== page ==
Spanish Seafood Stew

Posted By Stephen

We decided on something of a Spanish theme this weekend and chose a recipe from one of each of the Spanish cookbooks that we have; this one is from “The Food of Northern Spain”. We’ve cooked something similar before and thought we’d give it another go.

This version contained mussels, and since we could only get them in a bag rather than loose, we ended up with rather more of them than planned:

We first made Romesco, which contained garlic, chilli, hazelnuts, almonds, bread, paprika, olive oil and vinegar. It should have contained ├▒oras peppers, or possibly ancho chillies if those weren’t available but we didn’t have either, hence the paprika. I bashed all of this up in a mortar and pestle until it was smooth; it smelled and tasted really good, especially the nuttiness of the fried garlic and the nuttiness of the… er… nuts, which were complemented well by the slight heat from the chilli and paprika and the sour notes of the vinegar.

We coated the fish in seasoned flour before frying it, then removed it and fried two tablespoons of romesco before adding wine and then fish stock and potatoes that had been cooked in the fish stock. After this, we put the fish back into the casserole along with the mussels, and put it all into the oven for 15 minutes.

The flavours were good, but disappointingly not quite concentrated enough; I think we might have got the ratios wrong. We were supposedly doing half the recipe, but had more than half the amount of fish stock, so we upped the romesco to make up for it but maybe not quite enough. Or it was our non-purist substitution of paprika for ├▒oras peppers. That said though, when we were clearing up and I tasted the sauce that was left in the bottom of the casserole (can’t let good food go to waste!) it did taste rather good and a lot more concentrated than when we’d been eating it.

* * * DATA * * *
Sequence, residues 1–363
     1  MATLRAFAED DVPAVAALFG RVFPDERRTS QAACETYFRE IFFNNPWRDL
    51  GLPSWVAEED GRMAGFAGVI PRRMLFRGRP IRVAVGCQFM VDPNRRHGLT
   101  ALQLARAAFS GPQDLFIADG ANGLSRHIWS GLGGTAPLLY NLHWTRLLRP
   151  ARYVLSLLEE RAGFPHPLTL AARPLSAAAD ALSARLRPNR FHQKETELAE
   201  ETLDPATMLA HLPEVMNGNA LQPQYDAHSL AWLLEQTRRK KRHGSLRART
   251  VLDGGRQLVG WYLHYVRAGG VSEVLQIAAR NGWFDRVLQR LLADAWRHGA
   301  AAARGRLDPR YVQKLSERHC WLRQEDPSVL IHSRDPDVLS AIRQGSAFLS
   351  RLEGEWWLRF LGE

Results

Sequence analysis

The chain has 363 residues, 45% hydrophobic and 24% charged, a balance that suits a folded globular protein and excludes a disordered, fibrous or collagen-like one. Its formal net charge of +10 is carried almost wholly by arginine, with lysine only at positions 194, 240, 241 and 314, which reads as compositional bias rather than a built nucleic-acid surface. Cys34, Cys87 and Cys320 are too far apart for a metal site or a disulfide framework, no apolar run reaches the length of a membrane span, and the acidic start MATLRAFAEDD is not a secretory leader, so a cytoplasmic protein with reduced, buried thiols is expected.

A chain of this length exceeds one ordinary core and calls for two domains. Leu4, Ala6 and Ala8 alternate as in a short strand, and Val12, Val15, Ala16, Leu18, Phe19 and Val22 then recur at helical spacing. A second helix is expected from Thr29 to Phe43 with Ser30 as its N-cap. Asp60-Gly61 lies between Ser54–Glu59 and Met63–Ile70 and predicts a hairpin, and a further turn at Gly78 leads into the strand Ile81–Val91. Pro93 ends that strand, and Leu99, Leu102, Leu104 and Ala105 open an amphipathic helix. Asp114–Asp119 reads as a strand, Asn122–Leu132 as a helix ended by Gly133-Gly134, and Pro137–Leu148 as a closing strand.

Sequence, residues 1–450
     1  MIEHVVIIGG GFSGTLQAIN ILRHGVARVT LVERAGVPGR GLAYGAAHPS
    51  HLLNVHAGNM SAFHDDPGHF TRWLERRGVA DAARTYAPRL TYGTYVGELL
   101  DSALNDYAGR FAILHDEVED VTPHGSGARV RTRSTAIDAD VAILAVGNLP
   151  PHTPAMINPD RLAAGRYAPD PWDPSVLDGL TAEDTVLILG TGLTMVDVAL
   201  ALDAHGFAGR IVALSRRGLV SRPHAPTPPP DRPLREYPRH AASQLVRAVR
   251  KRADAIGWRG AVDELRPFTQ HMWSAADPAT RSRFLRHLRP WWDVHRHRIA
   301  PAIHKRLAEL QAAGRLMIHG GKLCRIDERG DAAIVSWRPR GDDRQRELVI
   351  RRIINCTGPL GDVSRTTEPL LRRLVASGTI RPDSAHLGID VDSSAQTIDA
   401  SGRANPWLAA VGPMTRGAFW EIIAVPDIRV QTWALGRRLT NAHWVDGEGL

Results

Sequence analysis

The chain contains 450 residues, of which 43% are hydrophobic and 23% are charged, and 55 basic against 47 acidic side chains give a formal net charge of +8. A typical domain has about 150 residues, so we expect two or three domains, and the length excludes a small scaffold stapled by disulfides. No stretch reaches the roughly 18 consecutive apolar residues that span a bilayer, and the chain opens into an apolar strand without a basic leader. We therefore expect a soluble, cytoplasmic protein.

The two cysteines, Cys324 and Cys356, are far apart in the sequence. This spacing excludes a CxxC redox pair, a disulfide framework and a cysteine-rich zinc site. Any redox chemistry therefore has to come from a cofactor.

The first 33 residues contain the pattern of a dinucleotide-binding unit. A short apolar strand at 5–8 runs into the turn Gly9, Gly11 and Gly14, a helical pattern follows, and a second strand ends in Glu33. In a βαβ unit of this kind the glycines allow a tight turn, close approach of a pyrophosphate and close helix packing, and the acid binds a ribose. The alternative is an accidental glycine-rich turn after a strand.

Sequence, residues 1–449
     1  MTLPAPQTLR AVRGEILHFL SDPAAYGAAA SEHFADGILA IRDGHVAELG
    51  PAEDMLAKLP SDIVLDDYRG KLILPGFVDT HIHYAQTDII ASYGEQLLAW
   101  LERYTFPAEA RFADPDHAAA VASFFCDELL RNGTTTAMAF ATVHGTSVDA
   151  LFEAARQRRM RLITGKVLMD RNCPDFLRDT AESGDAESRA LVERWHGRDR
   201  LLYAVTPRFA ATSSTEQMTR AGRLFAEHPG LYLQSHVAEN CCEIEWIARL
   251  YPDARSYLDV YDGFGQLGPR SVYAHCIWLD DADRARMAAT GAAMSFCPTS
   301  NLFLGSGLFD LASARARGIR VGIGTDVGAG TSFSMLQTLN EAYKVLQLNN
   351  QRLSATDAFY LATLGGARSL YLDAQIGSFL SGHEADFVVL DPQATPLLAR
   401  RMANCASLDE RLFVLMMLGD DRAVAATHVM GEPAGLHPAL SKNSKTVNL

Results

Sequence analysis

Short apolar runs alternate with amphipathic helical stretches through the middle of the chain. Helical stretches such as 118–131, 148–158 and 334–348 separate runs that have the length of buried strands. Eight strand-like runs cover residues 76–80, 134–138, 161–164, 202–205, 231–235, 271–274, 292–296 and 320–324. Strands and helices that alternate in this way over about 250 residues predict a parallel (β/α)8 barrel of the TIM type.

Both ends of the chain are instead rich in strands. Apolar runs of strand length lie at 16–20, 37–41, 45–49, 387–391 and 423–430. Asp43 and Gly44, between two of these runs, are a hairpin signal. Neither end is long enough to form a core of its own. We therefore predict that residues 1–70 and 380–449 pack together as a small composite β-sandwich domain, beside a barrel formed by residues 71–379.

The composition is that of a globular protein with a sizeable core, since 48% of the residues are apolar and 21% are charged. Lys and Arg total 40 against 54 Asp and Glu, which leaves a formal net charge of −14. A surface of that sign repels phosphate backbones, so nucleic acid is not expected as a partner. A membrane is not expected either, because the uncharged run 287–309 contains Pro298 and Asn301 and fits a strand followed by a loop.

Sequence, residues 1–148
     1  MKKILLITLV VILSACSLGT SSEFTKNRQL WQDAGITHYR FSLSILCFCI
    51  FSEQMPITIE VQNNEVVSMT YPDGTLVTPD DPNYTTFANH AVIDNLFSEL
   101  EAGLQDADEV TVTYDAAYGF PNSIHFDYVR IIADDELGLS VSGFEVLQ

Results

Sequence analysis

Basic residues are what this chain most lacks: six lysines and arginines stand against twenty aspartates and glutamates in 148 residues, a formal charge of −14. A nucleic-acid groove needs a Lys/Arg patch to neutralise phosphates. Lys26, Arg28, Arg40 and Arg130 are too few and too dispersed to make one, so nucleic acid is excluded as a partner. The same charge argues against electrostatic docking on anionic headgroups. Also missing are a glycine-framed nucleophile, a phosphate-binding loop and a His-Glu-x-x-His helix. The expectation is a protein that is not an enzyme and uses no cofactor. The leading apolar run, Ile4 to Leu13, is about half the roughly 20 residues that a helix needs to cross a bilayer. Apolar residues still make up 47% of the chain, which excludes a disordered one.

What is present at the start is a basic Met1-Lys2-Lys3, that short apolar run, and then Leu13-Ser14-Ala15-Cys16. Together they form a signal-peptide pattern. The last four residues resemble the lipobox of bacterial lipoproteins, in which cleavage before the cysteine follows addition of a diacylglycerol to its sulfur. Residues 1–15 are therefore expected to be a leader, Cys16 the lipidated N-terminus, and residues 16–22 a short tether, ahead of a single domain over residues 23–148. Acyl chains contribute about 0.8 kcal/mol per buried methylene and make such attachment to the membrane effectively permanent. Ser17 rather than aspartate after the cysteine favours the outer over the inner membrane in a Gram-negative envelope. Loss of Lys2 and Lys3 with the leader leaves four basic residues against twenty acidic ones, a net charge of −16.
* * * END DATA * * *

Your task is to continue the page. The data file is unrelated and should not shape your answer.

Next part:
And on the plus side, we have loads of delicious romesco left over, which we can use as a sauce or dip.

Before dinner, we roasted some almonds to drink with some Cava, as another Spanish addition to the evening:

The almonds look a bit shiny there, but they weren’t that shiny in real life. The Cava that we had with them was Gramona Imperial Gran Reserva 2003, which we had bought when we visited Barcelona last year. It really was one of the nicest Cavas we’ve had: full, ripe fruit elegantly balanced and a touch of floral on the nose. And a lovely golden hue in the glass. Rather like some vintage Champagnes.

It’s just a pity that the label on the bottle is a bit boring. We have been collecting labels from wine bottles and putting them into a frame; it’s nice to have labels from wines that we’ve really liked, but it’s also nice to have ones that look interesting.

Apr 19th, 2008

3 Comments to 'Spanish Seafood Stew'

Subscribe to comments with RSS or TrackBack to 'Spanish Seafood Stew'.

  1. Antonia said,

    I love the idea of framing favourite labels from bottles of wine you’ve particularly enjoyed.
    This Spanish stew looks great – I hardly ever cook Spanish dishes and really should get myself a good Spanish cook book.

  2. Lizzie said,

    I love Spanish food, and this looks gorgeous. I love the idea of a glass of cava (which I actually prefer to Champagne) and some almonds before dinner! Would you recommend ‘The Foods of Northern Spain’ as a starting point? I don’t think I’ve ever cooked Spanish food either.

  3. Kerri said,

    We have two books by the same author (Jenny Chandler) and they’re both very good. They both include a history of the area (be it Spain in general or Northern Spain) and also very straight-forward recipes. Most of the things we’ve cooked from both books have come out well and I’d definitely recommend one or both of them.

:: Trackbacks/Pingbacks ::

No Trackbacks/Pingbacks

Leave a Reply

You must be logged in to post a comment.